In the last year I have been journeying through the Edwardian writers.. from Virago Modern Classics (Kate O'Brien) to the Bloomsbury group (Woolf) to the delightful Persephone Books series (do read Miss Pettigrew Lives For a Day). For some reason Vita Sackville-West and Sissinghurst beckoned, repeatedly. I have a lovely old Penguin version of The Edwardians waiting to be read, as are Harold Nicolson's diaries, which my grandfather had. He was also a diplomat and I wonder if they ever met.
However, as soon as I bought 'Sissinghurt, An Unfinished History' I devoured it. I've been so busy with other parts of life to read much recently, but this broke through the workload and brought me into a new world. Written by Adam Nicolson, Vita and Harold's grandson, it was a sublime read. I never quite knew what topography was but Nicolson's writings on the topography of Sissinghurt had me in raptures. For the uninitiated, it's the land. A curious parallel to his grandmother's poem, 'The Land'. The history of the land of this part of England brought in many histories. The history of agriculture, industry & trade, the National Trust, and so on. It was broad, beautiful and romantic.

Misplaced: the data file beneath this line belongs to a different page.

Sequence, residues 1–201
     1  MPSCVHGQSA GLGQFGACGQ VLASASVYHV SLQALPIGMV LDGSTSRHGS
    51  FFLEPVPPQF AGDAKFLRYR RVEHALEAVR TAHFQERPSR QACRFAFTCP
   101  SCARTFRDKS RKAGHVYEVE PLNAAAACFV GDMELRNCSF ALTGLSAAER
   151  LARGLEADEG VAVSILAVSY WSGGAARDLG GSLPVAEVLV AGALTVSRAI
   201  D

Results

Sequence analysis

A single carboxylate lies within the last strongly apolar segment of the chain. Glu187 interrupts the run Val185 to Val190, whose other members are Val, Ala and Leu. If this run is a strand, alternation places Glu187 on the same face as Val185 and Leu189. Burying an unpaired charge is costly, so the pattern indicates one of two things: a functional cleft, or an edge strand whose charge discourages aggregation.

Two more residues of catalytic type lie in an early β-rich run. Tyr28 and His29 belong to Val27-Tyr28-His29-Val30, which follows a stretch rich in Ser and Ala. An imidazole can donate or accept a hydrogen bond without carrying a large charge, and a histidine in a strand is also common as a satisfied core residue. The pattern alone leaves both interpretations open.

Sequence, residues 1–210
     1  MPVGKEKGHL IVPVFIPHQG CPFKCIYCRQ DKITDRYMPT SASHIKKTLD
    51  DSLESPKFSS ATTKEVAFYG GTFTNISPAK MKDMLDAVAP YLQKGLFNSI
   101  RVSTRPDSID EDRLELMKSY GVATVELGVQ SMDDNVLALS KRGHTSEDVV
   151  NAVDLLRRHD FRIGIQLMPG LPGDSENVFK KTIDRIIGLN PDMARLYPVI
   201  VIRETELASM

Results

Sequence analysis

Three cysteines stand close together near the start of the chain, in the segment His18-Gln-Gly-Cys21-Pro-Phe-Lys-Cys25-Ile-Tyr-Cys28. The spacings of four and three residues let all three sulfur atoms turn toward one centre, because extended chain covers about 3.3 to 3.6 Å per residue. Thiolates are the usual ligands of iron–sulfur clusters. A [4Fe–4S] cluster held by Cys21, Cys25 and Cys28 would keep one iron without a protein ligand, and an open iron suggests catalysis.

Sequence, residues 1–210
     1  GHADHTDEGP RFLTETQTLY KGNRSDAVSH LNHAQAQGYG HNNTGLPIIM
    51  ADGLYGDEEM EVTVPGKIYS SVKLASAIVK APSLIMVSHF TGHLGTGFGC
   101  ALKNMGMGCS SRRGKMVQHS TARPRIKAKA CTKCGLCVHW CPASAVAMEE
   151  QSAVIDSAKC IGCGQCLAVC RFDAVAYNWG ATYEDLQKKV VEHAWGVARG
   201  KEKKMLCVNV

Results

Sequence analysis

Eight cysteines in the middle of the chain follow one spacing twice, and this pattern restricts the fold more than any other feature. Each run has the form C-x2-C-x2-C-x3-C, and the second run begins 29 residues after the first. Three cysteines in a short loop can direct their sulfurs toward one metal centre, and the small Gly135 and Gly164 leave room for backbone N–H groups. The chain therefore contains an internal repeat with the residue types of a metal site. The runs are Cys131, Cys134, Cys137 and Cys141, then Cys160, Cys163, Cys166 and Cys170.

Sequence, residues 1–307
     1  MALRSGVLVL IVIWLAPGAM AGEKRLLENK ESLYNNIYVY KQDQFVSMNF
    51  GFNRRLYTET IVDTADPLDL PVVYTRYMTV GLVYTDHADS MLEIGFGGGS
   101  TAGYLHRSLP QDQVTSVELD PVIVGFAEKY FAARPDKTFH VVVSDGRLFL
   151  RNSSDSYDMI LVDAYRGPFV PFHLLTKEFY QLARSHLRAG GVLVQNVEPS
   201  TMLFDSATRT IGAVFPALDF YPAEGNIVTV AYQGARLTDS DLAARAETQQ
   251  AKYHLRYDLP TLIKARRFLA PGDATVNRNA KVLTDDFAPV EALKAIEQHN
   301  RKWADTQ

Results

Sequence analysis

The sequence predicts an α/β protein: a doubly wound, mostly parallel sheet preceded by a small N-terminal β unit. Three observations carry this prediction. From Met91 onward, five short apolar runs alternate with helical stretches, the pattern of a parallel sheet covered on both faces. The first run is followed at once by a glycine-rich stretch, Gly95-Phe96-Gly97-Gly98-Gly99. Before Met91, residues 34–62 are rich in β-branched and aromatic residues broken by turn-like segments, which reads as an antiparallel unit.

Nicolson is trying to turn Sissinghurt into a locally sustainable business whereby all the food that is served to visitors is grown or reared on the farm, organically. Heroically, this model aims to return the farms to serve the castle, as they did in years before. It's fascinating and somewhat terrifiying to read how quickly a lively integrated estate was broken up and separated out into distinct uncommunicating elements, specialising in different products which came nowhere near the castle kitchen. The kitchen of one of the most famous gardens in the country. How did gardening and food diverge so dramatically that we no longer see the land as a source of food or product but purely an ornament there to be preserved?